Even during the pandemic, there are many potential buyers that have enough liquid capital to purchase a business and are actively searching for one to buy. Many private equity firms are seeking businesses that are not generating a high profit right but will after the pandemic, thus will sell their business lower to get rid of them. These private equity firms are motivated by making returns for their investors, so their plan is to buy the business, then sell the business at a higher price. These firms usually call early in the sale process, hoping that the owner will accept a lower offer so they will not have to compete with other firms. They have the vast tools and capabilities to conduct research on a business and industry to identify one that is selling below its fair value. Their goal is to establish exclusivity and avoid leverage from the business owner. The biggest mistake a business owner can make is accepting an offer from a private equity firm that appears to be fair. When a business owner accepts the initial offer and starts the sales process, the owner losses leverage in the sale. This makes it difficult for the business owner to seek other offers and change buyers. As mentioned above, a business’ sale price is difficult to increase from the initial offer but can easily decrease. The “fair” offer the business received can quickly decrease into something they would not normally accept, all while losing the leverage of a bidding war. Apart from the price, accepting the first offer may lead to unfavorable terms for the business and its employees. Summit Advisory explains the goal of private equity firms and the risk of accepting the first offer.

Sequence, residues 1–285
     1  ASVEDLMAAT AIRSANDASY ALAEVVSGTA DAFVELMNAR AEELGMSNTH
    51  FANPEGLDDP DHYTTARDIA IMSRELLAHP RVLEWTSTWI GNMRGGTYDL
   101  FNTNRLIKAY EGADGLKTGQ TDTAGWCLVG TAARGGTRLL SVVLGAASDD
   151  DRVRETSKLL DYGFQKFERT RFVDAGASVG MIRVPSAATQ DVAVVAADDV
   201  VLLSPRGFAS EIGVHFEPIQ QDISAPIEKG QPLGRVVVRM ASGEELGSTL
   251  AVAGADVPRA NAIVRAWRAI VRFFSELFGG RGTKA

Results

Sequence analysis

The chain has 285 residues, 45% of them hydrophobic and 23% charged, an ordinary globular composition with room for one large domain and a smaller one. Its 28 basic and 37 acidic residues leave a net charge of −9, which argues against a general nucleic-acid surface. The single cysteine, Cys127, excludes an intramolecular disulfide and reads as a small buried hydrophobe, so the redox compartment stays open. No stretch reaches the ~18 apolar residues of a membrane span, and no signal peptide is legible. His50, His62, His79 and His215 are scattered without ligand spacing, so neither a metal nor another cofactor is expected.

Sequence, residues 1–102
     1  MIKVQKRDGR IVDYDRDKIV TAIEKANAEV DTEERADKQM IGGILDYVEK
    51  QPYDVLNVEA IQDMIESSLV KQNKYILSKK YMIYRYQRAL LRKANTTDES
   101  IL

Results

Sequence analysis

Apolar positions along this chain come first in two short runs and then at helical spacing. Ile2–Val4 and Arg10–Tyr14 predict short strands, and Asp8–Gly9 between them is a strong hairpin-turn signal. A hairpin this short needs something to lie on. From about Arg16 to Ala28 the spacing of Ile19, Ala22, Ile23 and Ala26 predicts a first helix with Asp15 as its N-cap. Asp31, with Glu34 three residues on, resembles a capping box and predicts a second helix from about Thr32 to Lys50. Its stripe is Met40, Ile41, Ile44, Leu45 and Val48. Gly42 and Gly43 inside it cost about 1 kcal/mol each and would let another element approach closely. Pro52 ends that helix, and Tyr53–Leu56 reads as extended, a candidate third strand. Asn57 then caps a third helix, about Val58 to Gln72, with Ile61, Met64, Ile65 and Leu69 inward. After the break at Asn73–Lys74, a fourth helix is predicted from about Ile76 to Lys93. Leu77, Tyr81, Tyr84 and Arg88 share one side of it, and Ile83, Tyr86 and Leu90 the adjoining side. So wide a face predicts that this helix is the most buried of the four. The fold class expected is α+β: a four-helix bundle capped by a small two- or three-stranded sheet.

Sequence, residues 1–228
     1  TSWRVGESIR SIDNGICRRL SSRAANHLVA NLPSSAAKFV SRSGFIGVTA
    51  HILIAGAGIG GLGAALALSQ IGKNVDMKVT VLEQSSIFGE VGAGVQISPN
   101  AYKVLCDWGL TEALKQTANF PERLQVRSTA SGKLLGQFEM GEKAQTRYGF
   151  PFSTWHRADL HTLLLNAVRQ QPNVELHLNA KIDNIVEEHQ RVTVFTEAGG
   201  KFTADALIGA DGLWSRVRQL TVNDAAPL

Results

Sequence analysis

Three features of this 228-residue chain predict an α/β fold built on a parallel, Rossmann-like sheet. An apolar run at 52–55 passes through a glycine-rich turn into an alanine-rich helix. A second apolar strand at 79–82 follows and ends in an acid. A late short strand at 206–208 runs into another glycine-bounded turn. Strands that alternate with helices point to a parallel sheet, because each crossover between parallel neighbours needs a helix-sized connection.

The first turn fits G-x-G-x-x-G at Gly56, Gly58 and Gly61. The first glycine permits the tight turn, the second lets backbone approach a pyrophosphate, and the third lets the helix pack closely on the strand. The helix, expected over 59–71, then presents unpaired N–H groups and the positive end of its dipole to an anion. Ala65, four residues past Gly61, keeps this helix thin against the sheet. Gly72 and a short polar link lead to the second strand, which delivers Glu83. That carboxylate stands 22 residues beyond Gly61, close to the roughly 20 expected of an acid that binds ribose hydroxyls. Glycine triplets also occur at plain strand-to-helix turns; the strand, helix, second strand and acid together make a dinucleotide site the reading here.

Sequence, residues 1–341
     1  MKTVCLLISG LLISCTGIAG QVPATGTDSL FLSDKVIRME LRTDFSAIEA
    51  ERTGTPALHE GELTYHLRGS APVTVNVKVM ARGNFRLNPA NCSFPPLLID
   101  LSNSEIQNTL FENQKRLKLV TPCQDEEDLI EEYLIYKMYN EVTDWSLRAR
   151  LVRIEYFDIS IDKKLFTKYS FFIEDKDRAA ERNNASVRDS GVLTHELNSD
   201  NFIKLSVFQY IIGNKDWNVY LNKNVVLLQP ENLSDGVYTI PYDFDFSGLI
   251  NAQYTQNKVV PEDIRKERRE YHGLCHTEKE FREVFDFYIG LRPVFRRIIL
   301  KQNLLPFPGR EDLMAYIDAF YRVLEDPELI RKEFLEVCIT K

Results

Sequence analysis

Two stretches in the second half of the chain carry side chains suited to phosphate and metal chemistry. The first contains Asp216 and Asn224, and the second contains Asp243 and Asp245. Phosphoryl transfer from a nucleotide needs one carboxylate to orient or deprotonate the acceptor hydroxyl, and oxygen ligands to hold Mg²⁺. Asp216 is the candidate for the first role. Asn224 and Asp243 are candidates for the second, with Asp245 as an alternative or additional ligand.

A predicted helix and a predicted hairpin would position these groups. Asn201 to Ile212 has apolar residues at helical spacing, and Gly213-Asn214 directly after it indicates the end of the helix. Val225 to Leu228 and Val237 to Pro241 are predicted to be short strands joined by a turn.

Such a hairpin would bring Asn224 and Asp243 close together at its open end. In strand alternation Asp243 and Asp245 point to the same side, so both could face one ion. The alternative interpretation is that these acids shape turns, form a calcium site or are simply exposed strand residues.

A business owner should also not take an offer that is providing a fair price if the terms surrounding the offer are not right. A business owner should ideally turn down offers that offer with little or no money down, or provide seller financing. This maximizes the risk the owner has to undertake after the sale of the business. BizBuySell provides more information on seller financing. A business owner should wait to receive a good offer and on good terms for them,. During the pandemic, especially, it is unwise to take unnecessary risk.